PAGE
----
Wednesday, November 16, 2005

Notice of Event: Bill of Rights Hearing in Worcester

Notice of Event: Bill of Rights Hearing in Worcester

Fownes Hotel, Worcester

Robin Decrittenden vs. Worcester City Council

Appeal No. WC 49.

18th November 2005 11am

"£1,000,000,000 a year revenue from Parking Fines under threat"

This notice is to all supporters, contacts and interested parties and is to inform you that on 18th November 2005 at 11am at the Fownes Hotel in Worcester a National Parking Adjudication Service hearing is to take place between Robin Decrittenden and Worcester City Council.

The hearing will be the first public airing of the use of the Bill of Rights Defence against a Penalty Charge Notice issued, in this instance, under Worcester City Council's decriminalised parking enforcement regime.

The hearing is open to the public and any interested parties are requested to attend the venue. A large public room has been reserved for the hearing.

The potential of the case is that it could expose the Government and Local Authorities operating decriminalised parking enforcement regimes as acting unlawfully. The consequence could be that they have no legal authority to impose 'fines' thereby threatening a massive source of revenue which is now approaching £1,000,000,000 per annum!

Please no banners, placards or flags. Please circulate amongst your contacts and organisation.

Robin Decrittenden states,"The purpose of this challenge is to put the politicians back in their kennels by requiring them to obey the law that regulates Parliament itself."

Metric Martyrs Campaign Director, Neil Herron states, "This is the first head on conflict exposing the highly suspect Metric Martyrs Judgment. If the Judgment is correct then decriminalised parking fines cannot be levied. Alternatively, the Metric Martyrs were convicted and are innocent."


Neil Herron 0191 565 7143
mob. 07776 202045

Robin Decrittenden 01902 417 045

More information to be posted at and

Venue is 'Fownes Hotel', City Walls Road, Worcester (telephone number 01905-613151) and the time is 11.00 am. To view a map of the hotel and the nearest train station click here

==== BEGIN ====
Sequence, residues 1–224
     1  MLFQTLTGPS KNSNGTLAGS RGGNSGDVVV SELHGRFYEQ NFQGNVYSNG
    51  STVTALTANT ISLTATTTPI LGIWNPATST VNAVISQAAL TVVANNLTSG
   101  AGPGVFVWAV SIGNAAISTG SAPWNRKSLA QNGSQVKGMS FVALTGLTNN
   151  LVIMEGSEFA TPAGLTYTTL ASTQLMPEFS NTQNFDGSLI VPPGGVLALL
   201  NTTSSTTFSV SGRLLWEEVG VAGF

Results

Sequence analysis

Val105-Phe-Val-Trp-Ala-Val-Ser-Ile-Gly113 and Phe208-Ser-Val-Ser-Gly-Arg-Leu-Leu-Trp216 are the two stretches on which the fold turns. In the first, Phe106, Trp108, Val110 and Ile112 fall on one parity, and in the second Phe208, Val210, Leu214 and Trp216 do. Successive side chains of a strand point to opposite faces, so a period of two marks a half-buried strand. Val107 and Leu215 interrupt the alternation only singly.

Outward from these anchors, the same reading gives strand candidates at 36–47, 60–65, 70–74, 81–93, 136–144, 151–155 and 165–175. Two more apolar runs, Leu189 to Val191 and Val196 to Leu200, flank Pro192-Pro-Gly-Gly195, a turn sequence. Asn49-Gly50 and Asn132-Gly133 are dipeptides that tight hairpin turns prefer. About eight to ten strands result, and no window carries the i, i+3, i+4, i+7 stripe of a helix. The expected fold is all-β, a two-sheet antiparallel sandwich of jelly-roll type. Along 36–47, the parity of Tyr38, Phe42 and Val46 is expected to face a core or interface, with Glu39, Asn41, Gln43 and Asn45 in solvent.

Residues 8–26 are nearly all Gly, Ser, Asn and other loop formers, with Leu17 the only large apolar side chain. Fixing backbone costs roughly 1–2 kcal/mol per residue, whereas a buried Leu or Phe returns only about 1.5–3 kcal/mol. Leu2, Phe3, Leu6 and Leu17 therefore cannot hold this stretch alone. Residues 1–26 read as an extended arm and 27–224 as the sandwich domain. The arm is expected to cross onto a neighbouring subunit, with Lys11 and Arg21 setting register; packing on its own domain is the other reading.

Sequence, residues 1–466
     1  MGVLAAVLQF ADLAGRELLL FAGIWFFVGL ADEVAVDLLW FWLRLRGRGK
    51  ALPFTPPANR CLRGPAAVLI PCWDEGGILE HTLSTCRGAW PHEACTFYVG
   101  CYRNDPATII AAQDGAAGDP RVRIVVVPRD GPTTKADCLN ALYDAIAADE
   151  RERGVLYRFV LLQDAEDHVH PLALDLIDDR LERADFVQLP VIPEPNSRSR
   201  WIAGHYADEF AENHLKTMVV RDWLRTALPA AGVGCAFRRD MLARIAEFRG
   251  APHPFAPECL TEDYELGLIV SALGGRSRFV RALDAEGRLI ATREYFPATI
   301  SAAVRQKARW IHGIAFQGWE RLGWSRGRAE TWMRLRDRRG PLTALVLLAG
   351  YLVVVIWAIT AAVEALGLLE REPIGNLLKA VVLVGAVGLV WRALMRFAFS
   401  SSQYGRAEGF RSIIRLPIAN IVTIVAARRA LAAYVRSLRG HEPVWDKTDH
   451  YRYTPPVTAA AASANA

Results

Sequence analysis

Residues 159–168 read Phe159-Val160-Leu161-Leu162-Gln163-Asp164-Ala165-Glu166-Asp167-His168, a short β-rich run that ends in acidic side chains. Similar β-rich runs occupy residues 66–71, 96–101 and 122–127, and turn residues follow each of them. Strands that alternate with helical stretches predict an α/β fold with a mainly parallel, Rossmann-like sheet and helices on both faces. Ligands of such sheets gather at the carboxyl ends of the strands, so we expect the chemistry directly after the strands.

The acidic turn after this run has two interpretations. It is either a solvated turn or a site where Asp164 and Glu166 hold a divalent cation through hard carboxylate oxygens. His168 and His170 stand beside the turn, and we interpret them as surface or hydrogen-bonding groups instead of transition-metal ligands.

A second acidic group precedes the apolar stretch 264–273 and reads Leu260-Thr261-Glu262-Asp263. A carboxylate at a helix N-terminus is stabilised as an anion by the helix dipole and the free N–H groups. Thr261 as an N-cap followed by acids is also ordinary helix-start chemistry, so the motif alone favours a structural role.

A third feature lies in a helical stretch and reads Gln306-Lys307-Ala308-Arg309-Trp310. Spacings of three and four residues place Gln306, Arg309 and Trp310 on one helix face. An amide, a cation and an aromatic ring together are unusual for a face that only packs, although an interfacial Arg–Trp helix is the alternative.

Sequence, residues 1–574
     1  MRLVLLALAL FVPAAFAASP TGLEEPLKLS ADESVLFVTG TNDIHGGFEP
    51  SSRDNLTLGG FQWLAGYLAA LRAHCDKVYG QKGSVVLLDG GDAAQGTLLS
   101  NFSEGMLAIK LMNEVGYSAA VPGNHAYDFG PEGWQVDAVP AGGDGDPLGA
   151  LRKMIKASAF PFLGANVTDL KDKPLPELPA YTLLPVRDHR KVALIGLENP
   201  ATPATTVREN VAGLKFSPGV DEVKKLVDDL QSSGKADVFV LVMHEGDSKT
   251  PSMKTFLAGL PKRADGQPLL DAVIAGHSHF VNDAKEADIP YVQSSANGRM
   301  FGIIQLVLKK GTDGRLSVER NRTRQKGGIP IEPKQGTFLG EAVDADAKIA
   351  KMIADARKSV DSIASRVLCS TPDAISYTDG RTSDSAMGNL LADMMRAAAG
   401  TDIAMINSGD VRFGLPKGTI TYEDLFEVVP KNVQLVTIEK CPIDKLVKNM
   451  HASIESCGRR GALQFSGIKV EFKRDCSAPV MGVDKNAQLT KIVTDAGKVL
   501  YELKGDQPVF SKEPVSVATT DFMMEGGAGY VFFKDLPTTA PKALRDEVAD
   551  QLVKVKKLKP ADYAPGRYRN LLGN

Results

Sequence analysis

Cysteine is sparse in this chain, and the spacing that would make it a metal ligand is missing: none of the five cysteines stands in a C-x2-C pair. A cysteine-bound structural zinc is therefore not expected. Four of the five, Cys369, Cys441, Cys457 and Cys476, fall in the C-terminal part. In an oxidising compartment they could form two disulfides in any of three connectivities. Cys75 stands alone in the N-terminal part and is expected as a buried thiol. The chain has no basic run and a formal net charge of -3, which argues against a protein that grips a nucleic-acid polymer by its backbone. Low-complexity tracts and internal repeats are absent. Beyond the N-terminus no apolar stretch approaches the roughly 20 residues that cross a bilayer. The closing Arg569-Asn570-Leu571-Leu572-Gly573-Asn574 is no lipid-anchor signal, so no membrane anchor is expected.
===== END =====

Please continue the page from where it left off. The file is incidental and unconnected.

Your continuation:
Overview of the Case:
1. The Declaration and Bill of Rights (1688/89) provide the very particular legal requirement that fines and forfeitures can be imposed on individual people only after conviction – and any conviction requires the full involvement of a Court of Law.

The Declaration & Bill of Rights do not recognize any difference between Civil and Criminal matters: The rules apply to both parts of the law.

2. The Judgment given in the Metric Martyrs Case of 2002 provides that the terms of the Bill of Rights may not be changed or removed by anything other than very specific wording - and that all/any such wording must be contained within the text of any later legislation.

3. The Road Traffic Act of 1991 attempts to assert that Courts of Law are not required to consider questions relating to the Parking Fines that are now being imposed by local authorities which have decided to join themselves to a Government-sponsored scheme that is known as ‘de-criminalised parking’.

The Road Traffic Act of 1991 has not changed or removed the provisions of the Bill of Rights, in accordance with the terms of the Judgment provided in the Metric Martyrs Case, and as a consequence the law says that the Road Traffic Act of 1991 is not a law at all.

4. Under the provisions of ‘de-criminalised parking’ motorists are now being required to take their parking-ticket appeals to the authority that actually issued the ticket – and then on to an allegedly independent Parking Adjudication Service that is known as NPAS.

5. NPAS receives all of its funding from the local authorities which are issuing the tickets that are being appealed and funding is provided to NPAS at the rate of 60 pence per parking-ticket issued. It is obvious that it must be in the interests of NPAS to make quite sure that the paying Councils are given full support during all processes of dealing with the appeals that are made by members of the public.

The ‘system’ itself provides that there can be no true independence within the work of NPAS, because the existence of NPAS is absolutely dependent on the goodwill of the local authorities which are paying the wages of the NPAS staff.

There is no provision made for the work of NPAS to be scrutinized by any outside body, and the NPAS failure to control the unlawful activities of the local Councils that have joined the scheme becomes increasingly apparent.

In Sunderland and the North-East alone, millions of pounds are now due to be refunded to members of the public, because of Council failures to keep to the rules – and it is VERY significant that not one of these Council failures has been exposed by NPAS!

6. On 18th November, 2005, at 11.00 am, an NPAS tribunal sitting at Fownes Hotel in Worcester will hear Appeal No. WC 49.

This Appeal is based entirely upon a direct challenge to the legality of the Road Traffic Act of 1991, when measured against the very specific legal requirements of the Declaration & Bill of Rights.

7. Government-sponsored attempts to pervert our system of justice; to take our money out of our pockets and to turn this country into a dictatorship controlled by people who simply do not know how to tell the truth - are to be brought face to face with the open resistance of a pensioner and your support is required –

Robin Decrittenden

1 comment:

wonkotsane said...

The very best of luck to you all.

Blog Archive

only search Neil Herron Blog